Fig 3. The mean values of fractional shortening (3A), midwall fractional shortening (3B), stress-corrected midwall fractional shortening (3C), and serum N-terminal prohormone of brain natriuretic peptide (3D) in different gender and age groups.

Again, the number of subjects in different age groups was 141, 464, 931, 1020, 515 and 201 for the following age groups: <30, 31~40, 41~50, 51~60, 61~70 and >71 (years) for female; and 253, 1011, 1724, 1430, 515, 205 for male as same age categories, respectively. All p values for trends are shown in the figure.

Associations between NT-proBNP and Various LV Geometric Indices or Systolic Functional Indicators

Besides FSMMW and FSCMW, the serum level of NT-proBNP, a marker for subclinical LV dysfunction [21, 22], is significantly higher with advanced age (+18.89 pg/mL/decade) (Fig 3D). Again, this association is more pronounced in women (p for sex interaction 0.001). We also found associations among NT-proBNP level, LV mass, LV mass index, and other LV geometric indices between genders in bivariate and age- and sex-adjusted models (S3 Table). Unfavorable LV geometric alterations or remodeling, including LV diameter or total mass rather than chamber-based systolic indices such as FS or FSCMW, were more tightly linked to elevated NT-proBNP in our cohort (all adjusted p <0.001).


In this retrospective analysis, we found that several echocardiographic indices, including LV wall thickness, total LV mass, and LV mass index all increased with age in a large asymptomatic Asian cohort. These structural alterations remain unchanged even after we accounted for several clinical factors. We also observed an age-related differential cardiac remodeling pattern between the two sexes. Although women demonstrate a larger slope of LV mass increase with aging compared to men, there is also a trend toward age-related attenuation of LV systolic midwall function in women that can be partially explained by a more pronounced increase in LV chamber size among elderly women.

Both LV mass and LV mass index increased steadily with age in our cohort, and these findings are consistent with those of previous studies in Caucasian and Asian populations [9, 10, 13, 14]. As a matter of fact, our data suggest that both men and women >65 y have nearly 19.8 g and 42.2 g higher LV mass, respectively, than do those ≤35 y. Increased LV mass and LV mass index have been proposed as powerful predictors for the incidence and prognosis of several cardiovascular diseases, including heart failure, coronary artery disease, and angina pectoris, in both high-risk and general populations even with adjustment for age [7, 8, 2327]. In addition, some have proposed that such alterations in LV geometry, mostly indicated by excessive LV total mass, are associated with worse LV chamber function in terms of reduced stress-corrected LV midwall shortening [28]. In this study, we found that several aspects of structural remodeling, especially LV wall thickness, chamber size, and LV mass index, were tightly linked to blood NT-proBNP levels. Such findings not only support previous studies but also facilitate the establishment of reliable reference values for these indices among Asian individuals in different age groups. This, in turn, may help clinicians in their routine evaluations of echocardiographs.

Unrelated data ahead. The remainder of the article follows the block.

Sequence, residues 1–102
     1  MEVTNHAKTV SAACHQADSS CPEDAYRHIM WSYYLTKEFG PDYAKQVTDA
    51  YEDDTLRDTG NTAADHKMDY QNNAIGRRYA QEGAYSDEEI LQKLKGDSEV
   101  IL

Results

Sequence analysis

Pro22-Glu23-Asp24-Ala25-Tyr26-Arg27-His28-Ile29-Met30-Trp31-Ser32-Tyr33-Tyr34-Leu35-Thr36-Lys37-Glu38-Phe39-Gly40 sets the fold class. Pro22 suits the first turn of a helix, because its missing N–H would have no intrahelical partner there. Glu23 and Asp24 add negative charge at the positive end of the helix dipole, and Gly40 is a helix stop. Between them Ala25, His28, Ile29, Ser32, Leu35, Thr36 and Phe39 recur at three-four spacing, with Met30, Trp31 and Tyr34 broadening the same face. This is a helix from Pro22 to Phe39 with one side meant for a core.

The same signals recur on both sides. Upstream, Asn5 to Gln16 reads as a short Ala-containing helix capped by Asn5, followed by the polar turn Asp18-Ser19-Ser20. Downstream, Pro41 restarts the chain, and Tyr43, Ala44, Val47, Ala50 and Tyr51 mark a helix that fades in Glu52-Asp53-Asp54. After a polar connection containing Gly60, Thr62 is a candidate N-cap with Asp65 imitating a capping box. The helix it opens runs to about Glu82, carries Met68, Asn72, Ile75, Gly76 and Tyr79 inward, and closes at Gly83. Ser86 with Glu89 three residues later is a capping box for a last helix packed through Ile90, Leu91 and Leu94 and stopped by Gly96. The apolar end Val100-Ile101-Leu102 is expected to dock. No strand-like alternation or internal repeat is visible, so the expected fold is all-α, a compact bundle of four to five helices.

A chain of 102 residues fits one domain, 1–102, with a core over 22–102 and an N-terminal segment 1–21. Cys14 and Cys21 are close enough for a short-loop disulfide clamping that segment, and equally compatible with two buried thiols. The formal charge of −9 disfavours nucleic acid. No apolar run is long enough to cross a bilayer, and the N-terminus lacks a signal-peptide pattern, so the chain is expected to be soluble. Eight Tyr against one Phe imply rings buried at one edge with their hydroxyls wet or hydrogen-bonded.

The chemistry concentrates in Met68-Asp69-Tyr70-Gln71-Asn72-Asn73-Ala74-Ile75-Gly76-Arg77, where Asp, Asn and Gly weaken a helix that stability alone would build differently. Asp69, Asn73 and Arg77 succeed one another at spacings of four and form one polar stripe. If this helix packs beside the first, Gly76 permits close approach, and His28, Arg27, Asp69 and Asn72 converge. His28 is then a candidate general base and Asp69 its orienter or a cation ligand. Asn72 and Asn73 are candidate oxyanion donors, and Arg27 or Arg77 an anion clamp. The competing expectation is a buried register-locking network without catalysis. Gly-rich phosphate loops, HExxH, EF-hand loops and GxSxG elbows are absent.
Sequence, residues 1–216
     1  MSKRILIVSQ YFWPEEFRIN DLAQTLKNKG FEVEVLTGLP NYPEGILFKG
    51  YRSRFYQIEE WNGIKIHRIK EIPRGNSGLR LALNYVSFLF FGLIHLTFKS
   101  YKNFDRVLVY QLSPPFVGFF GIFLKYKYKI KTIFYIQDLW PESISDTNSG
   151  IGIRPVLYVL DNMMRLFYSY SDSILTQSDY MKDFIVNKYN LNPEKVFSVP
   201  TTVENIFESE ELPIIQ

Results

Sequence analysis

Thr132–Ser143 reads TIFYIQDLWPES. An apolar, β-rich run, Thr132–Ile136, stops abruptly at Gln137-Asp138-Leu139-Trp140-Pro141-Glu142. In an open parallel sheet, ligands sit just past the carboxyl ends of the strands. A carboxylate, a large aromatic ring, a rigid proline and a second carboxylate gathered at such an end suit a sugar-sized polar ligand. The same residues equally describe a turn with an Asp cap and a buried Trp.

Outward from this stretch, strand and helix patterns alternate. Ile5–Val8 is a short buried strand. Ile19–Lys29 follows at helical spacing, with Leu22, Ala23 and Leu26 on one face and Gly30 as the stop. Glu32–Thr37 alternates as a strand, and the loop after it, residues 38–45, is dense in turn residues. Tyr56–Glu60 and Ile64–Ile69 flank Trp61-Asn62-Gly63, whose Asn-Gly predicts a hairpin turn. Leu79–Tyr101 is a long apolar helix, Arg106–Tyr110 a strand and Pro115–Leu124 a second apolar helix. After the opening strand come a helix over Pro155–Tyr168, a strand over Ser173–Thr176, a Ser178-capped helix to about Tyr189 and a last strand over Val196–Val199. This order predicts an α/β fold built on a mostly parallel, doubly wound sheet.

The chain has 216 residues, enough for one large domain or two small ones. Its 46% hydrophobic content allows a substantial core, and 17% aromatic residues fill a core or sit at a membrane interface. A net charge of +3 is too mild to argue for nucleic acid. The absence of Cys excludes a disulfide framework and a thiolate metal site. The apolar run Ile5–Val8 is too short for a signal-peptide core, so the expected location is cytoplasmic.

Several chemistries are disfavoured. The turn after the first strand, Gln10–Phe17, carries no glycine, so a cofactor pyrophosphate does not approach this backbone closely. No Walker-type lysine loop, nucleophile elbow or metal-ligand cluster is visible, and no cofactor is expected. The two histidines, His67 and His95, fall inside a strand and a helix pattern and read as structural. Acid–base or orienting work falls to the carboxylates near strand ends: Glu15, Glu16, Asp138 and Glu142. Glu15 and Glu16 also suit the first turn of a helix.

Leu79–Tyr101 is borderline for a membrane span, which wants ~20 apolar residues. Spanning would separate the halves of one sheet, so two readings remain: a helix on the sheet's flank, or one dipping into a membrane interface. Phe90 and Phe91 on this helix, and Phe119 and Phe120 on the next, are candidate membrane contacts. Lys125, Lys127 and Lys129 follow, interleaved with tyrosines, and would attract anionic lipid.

Although LV masses are significantly higher in elderly groups of both genders, younger women have a notably larger increase of LV mass and LV mass index than men do. Effects of sex-related hormonal changes with increasing age may in part account for this phenomenon, in particular for elderly women who probably have experienced menopause and have low estrogen levels. Estrogen has significant effects on the cardiovascular system, and functional estrogen receptors can be found in the ventricular myocardium, where it can affect the cellular physiology of cardiac tissues both genomically and nongenomically [29]. Within the female population, menopause is significantly associated with higher LV mass, LV mass index, and IVS thickness after adjustment for age, blood pressure, BMI, and other clinical covariates (S4 Table), indicating that sex hormones may play an important role in unfavorable ventricular remodeling.

Because the equation used to calculate LV mass is composed of LVIDd, LVPW, and IVS [30], we analyzed the changes of these indices among different age groups. In general, LV wall thicknesses, including LVPW and IVS, increase with advanced age, but the trend toward greater cardiac diameters (such as LVIDd and LVIDs) can be found only in women. These data may imply that age-related LV remodeling in females is primarily driven by both increased LV internal dimensions and wall thickness, but in males such age-associated increases in LV wall thickness could be the primary cause for LV mass increase. This can probably be ascribed to a more prominent increase of LV total mass in women as they age because both cardiac wall thickness and diameter may contribute to LV total mass increase with aging. Whether these effects of wall thickness increase and chamber dilation together are relevant to gender-specific hormones may require further investigation. So far, age-related discrepancies in LV chamber or diameter changes between genders have been described in previous studies [3134]. Some of these studies are in concordance with our data and suggest that women tend to have larger LV chamber dimensions with aging, although other results are not consistent with our findings. We speculate that these diverse findings could be the results of ethnic diversity. A recent study that compared multiple ethnic groups, including Europeans, Asians, and Africans, suggested that not only the trends toward altered LVIDd but also the upper reference values are different among these groups [31]. Such racial disparities may cause different risks for cardiovascular diseases in these populations [14, 15]. Previous large epidemiological or observational studies have indicated that elderly women have higher risks of HFpEF, but men have a higher risk of heart failure associated with reduced ejection fraction [7, 8]. Moreover, LV hypertrophy is an independent predictor of all-cause death in patients with HFpEF [7].